Senate Democrats are poised to introduce a sweeping set of gun reforms on Thursday, and they're ready to fight for it, too.
The package includes elements of several other failed gun reform efforts, like a proposal to close the loophole that allows people purchasing firearms from private sellers or gun show vendors to skirt background check requirements and another to extend the window of time the F.B.I. has to conduct a background check before the purchaser is approved by default.
(Under current law, if the background check takes longer than three days, the sale is automatically allowed to proceed. This loophole is what allowed Charleston shooter Dylann Roof to legally obtain a gun.)
The bill is kind of the policy equivalent of Frankenstein's monster, if Frankenstein's monster was actually really good, and people really liked it, and it also had the capacity to prevent gun deaths every year.
That's the good news. The bad news is that this sensible reform package—provisions on gun safety that the overwhelming majority of American people, including gun owners, support—is utterly and unmistakably doomed. It stands little to no chance of passing the Republican-controlled Senate. It stands even less of a chance of being taken up by the House, where the Republican majority is even stronger.
Senate Democrats know this, and are pushing ahead anyway.
"I’ve started to reach out to senators and talk about what can be done to advance the cause of background checks while Republicans are in charge for the next year or so," Minority Leader Harry Reid said earlier this week. "But one thing is clear. To pass background checks, we need Republicans to stop acting as puppets of the N.R.A."
Though passing reform doesn't seem politically possible in this Congress, Democrats are intent on getting their Republican colleagues on the record as opposing basic gun safety provisions that their constituents support. They have also indicated that they will block votes on other bills until the Senate takes up the reform package.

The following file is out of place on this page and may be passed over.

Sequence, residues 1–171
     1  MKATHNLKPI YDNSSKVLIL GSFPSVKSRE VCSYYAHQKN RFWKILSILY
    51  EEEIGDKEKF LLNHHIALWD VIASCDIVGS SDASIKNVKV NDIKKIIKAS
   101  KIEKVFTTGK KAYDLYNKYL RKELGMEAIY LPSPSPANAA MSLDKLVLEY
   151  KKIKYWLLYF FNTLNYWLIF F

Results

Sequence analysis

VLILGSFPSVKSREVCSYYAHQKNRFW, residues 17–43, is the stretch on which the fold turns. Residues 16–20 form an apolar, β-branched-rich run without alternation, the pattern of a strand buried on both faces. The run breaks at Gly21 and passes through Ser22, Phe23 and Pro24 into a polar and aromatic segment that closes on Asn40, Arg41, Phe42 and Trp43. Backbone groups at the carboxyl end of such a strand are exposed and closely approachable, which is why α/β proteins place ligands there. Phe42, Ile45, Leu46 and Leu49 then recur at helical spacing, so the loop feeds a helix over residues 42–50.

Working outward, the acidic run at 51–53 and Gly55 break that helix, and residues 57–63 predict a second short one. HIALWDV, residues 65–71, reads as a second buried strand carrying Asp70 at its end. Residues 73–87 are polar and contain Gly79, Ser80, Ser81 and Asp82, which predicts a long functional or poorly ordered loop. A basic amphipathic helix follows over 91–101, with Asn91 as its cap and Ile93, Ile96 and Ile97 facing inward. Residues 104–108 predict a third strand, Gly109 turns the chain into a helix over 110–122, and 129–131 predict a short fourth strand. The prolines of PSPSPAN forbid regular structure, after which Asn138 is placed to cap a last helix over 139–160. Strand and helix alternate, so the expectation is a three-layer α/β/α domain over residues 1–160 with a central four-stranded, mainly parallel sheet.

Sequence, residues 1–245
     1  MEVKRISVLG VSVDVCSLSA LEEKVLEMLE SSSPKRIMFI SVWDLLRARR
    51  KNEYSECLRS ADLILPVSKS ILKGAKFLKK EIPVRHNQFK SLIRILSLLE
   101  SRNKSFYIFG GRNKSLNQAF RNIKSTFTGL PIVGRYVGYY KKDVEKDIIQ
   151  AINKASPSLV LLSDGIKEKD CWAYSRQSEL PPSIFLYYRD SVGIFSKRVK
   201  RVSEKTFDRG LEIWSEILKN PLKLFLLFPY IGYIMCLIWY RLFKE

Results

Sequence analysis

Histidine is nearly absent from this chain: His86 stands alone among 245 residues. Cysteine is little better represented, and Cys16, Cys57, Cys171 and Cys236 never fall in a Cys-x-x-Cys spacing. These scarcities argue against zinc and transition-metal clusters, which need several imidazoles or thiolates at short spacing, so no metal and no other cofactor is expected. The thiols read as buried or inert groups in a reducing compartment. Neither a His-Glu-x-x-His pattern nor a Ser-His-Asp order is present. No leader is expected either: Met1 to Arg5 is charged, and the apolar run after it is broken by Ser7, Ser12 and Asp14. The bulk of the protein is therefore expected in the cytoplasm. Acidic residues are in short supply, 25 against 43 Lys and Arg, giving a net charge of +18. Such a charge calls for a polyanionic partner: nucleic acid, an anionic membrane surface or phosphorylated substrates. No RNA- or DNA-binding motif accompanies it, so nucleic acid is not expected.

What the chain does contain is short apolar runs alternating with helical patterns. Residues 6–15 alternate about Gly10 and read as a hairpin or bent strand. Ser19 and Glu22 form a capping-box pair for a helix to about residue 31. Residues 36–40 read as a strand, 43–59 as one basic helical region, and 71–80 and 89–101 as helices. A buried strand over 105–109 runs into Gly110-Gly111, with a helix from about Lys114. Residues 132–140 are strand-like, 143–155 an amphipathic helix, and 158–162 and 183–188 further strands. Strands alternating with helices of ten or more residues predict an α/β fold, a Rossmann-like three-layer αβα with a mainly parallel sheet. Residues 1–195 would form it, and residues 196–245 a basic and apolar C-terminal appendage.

It's spectacle. It's not going to help the bill pass. And it's exactly what proponents of gun reform should be doing.
The last time lawmakers collectively dedicated this kind of energy to gun safety was in 2013, after Adam Lanza brought four of the firearms from his 11 gun arsenal to Sandy Hook Elementary and murdered 20 children and six adults. As the country reeled from such incomprehensible violence, a bipartisan coalition of lawmakers—led by Joe Manchin, a Democrat from West Virginia, and Patrick Toomey, a Republican from Pennsylvania—introduced a modest package of reforms that reflected, at least in part, what a majority of Americans wanted to see happen in the wake of the massacre.
One of the key elements of that package was the expansion of background checks, which is also a central component of the new proposal.
Here's how a majority of Americans, including gun-owners, felt about strengthening that system in 2013, according to a survey from the Johns Hopkins Center for Gun Policy and Research:
The basics: 88.8% of Americans supported universal background checks, including 84.3% of gun owners and 73.7% of registered members of the NRA.
A staggering level of consensus. But the bill still failed.
Two years later, Johns Hopkins revisited these survey questions to take the national temperature at a moment when the public wasn't as close to a mass shooting of that scale. (Those moments, however, seem increasingly hard to come by.) Researchers found essentially the same results. The 2015 data revealed that 83.7% of people supported universal background checks, including 84.7% of gun owners.
That's where we are today, with Democrats poised to fight for a package of bills that stand basically no chance of passing despite long-standing public consensus on the issue. On one side, there stands an overwhelming majority of the American public, including the rising number of families who have lost loved ones because our gun laws allow for easy, ready access to deadly weapons. On the other side, there are others, a great many Republicans in Congress, who—in the face of nine deaths in Oregon, two deaths in Virginia, nine deaths in South Carolina—continue to shrug their shoulders and do nothing.
So far, "do nothing" has won. Democrats seem ready to do something, even if that something is a symbolic gesture to keep opponents of gun reform from looking the other way as the public tells them they want to live in a less deadly country.